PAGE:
That’s Mall, Folks

March first brought us news about the death of an old friend here in Anderson, Indiana: our only mall is closing effective April first.  Sure, there may be a Wal-Mart and a Meiers and a lot of strip centers lining the road between the interstate and the Race Track/Casino, but closing the mall leaves a wound that I’m not sure can be healed.

The mall apparently already owes over $400,000 in unpaid property taxes, and the loss of its last major anchor (Carsons) meant that it probably didn’t have enough rental income to even cover the expenses of salaries, security, and utilities.  There has been an announcement that the mall will examine options to repurpose the mall.  A large number of malls all over the country have already faced similar problems and either closed or changed how their space was being used due to the rapidly decreasing utilization of shopping malls by shoppers.  We all know the internet is at least partly to blame.

While Anderson may have a downtown area, there isn’t much in the way of shopping there.  And parking downtown is still a nightmare.

The closest the town gets to a having center was found in the mall.  This month the mall is quickly closing down, but it is still playing host to a student art exhibit and the Cub Scout Pinewood Derby, two events that will be hard-pressed to find a home in the future.  Any given month there were nearly a dozen such events taking place that will now move into hiding in smaller, hidden, less accessible locations.

Every morning the mall has been host to countless mall walkers, elderly residents of the town who come down to get a small amount of exercise in a safe place that is heated or cooled for their comfort.  They seemed to need to bring their own coffee and donuts due to the lack of any food for sale in the early morning, but the food court tables and chairs gave them a place to sit and socialize before and/or after their walks.

Tony’s pizza has been a fixture in the mall under multiple names for decades, and now it will simply pack up and leave.  While a sister store in Muncie will still be open, many customers have already complained that the food just isn’t the same.

For a few months around Christmas every year the mall has been host to a stream of pop-up small businesses, some of which eventually opened small stores in the mall.  Anybody wishing to do that this year will have to fight for aisle space in the Muncie Mall.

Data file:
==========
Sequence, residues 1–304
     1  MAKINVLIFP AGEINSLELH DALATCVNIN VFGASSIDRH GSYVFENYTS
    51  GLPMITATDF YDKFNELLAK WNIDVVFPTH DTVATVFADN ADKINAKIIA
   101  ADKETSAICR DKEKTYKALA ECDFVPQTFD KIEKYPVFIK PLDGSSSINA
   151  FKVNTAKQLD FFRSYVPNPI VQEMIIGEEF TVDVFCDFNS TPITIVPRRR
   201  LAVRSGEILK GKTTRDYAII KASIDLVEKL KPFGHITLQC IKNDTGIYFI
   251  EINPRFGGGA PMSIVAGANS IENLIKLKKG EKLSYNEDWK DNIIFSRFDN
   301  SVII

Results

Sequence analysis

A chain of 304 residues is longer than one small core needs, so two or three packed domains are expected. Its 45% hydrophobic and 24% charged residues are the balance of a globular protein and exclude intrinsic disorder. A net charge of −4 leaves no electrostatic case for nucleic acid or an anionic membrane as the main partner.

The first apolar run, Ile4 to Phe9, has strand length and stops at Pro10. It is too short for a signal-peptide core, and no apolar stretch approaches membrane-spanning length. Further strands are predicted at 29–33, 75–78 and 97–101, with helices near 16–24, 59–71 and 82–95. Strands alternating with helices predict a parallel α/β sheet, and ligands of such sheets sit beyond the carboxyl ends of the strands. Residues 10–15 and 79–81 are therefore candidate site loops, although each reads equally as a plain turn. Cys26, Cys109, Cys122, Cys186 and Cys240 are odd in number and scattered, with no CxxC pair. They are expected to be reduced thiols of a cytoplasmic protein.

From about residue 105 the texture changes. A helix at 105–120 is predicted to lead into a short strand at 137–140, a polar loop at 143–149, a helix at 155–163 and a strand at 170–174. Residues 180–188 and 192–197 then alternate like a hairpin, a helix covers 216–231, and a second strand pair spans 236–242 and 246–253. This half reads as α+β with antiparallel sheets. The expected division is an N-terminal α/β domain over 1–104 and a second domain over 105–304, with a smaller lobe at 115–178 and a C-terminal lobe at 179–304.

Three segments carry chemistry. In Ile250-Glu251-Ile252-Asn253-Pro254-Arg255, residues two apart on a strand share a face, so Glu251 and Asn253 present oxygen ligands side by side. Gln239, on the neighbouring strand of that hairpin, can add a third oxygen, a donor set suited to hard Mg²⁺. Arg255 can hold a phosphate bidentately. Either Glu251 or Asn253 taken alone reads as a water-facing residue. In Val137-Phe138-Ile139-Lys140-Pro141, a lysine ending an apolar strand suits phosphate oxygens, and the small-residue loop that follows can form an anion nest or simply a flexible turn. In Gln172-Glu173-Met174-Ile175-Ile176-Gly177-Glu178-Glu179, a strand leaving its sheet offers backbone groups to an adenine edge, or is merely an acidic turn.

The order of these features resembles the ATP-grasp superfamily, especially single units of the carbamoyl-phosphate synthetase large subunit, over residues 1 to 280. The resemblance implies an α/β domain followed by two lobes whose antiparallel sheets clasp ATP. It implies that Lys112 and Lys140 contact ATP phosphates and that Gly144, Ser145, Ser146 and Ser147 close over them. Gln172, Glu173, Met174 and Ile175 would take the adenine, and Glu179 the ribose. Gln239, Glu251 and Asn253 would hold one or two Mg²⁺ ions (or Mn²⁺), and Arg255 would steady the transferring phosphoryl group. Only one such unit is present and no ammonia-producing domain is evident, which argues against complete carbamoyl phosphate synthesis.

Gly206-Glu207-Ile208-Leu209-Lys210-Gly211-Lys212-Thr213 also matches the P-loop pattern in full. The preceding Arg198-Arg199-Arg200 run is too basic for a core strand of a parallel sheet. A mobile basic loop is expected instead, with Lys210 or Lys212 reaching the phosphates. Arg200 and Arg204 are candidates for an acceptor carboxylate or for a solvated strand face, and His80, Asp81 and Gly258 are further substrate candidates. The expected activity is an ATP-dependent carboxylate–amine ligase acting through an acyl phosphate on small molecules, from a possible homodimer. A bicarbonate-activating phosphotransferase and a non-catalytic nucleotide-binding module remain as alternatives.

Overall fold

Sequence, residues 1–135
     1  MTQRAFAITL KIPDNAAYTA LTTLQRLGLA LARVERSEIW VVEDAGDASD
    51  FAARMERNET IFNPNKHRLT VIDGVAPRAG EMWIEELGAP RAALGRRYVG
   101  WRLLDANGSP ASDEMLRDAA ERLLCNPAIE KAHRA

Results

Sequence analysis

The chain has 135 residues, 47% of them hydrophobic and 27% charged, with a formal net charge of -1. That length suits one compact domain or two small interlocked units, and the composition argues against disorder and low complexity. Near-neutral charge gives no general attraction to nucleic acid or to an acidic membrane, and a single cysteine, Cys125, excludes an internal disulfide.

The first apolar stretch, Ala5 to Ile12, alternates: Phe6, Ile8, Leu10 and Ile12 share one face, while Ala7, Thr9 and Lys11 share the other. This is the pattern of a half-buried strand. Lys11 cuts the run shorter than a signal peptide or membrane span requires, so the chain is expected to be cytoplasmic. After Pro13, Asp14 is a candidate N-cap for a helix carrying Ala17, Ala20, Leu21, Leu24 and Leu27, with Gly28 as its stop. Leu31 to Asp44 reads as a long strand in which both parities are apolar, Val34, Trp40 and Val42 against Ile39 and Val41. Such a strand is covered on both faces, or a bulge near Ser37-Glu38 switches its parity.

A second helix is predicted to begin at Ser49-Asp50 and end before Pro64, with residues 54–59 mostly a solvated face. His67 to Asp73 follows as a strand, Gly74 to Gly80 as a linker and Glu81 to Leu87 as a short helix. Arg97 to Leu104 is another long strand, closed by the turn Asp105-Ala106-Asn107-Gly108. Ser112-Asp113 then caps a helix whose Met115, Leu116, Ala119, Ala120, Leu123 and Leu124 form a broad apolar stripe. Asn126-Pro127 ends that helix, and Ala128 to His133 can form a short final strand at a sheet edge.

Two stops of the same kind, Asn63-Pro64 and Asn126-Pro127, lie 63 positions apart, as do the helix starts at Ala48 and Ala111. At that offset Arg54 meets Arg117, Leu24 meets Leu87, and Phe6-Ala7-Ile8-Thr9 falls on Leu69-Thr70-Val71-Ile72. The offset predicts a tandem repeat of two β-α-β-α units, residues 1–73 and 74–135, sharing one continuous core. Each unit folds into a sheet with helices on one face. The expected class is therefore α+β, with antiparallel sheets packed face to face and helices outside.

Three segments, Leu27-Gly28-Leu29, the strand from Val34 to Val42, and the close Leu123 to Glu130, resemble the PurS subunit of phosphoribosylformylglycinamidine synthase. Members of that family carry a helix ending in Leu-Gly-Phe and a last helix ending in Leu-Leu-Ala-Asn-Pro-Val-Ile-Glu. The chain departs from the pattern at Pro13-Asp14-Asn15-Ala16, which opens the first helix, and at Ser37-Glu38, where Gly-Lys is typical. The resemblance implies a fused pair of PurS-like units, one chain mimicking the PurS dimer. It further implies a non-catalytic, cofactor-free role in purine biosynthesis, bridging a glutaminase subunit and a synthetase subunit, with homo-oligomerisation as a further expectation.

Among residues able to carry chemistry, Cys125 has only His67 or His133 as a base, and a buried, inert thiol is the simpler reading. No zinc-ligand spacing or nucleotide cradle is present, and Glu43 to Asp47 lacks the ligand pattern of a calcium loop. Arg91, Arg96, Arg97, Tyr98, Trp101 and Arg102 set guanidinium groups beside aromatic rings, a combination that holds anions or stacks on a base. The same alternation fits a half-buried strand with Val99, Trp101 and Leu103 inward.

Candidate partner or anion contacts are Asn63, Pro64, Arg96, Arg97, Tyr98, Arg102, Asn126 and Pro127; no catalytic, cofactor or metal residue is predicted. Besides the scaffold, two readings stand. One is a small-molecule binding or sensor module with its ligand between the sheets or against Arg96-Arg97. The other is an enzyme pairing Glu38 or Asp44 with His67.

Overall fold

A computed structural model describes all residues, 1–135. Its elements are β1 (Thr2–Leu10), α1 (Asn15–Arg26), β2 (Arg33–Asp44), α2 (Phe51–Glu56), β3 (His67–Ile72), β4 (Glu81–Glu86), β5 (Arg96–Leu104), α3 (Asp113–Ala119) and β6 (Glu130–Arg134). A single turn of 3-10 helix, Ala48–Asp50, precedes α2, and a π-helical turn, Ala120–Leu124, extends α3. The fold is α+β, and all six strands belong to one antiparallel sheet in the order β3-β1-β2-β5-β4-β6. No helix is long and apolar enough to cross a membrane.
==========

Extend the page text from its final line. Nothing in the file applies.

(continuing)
Our only local radio station has a broadcast studio in the mall, and it is likely they will simply close up and move any operations back to their main office in Daleville.  They already seemed to be moving the organ that was used in live shows this morning.

A ring of buildings around the mall has been home to a constantly-changing lineup of restaurants and specialty stores.  Several of them have already relocated closer to the interstate, but the significantly higher rents prevent that from being an option for most of the small businesses dotting the perimeter…or inside the mall.  The bank outside the mall has not announced plans to leave, but the decrease in traffic in the mall area may affect them as well.

The movie theater has announced plans to stay open after moving the ticket office to a new or different outside entrance.  It is worrisome that the theater no longer advertises movie times in the local newspaper or has a phone number you can call for movie times, and instead requires customers to check online.  Worse still, no movies appear to be starting after 7 or 8 pm.  The loss of casual customers from the mall may prove too much of a challenge for the theater (two movie theaters outside the mall have already failed and closed).

The Doctor Tavel that has eye exams and sells eyeglasses in the mall will remain open for now because it has an outside entrance.  They may need some new construction because the inside entrance to the store is closed by a chain fence rather than a wall, and if the mall cuts off heating and cooling a new wall will have to be put in place.

The strip center that our store (Reader Copies) is located in is across the street from the mall and has a lot of empty spaces, but rents are higher here than in the mall.  Even worse, the owners seem reluctant to charge the lower rents that most small businesses need to survive, so it doesn’t look like a good place to move mall stores into.  Many of the chain stores in the mall will transfer their inventory to other stores in the chain instead of relocating.

The loss of a central gathering place in Anderson already seems like a near-fatal blow to the town.  The population in Anderson has already dropped 10% in recent years, and without new jobs in the area, things may continue to spiral downward.  We can only hope that creation of the proposed Greenway Project comes to fruition and helps revitalize our little corner of Indiana.

We aren’t the first town to suffer from unwelcome changes.  Cashman, Pistilli and West wrote and sang and produced a number of hit records that were released by various groups.  Terry Cashman wrote American City Suite about his perceptions of the slow decline of the city he lived in, and the sad recording was a near-hit record for Cashman and West in 1972.  The town he was singing about?  New York City.

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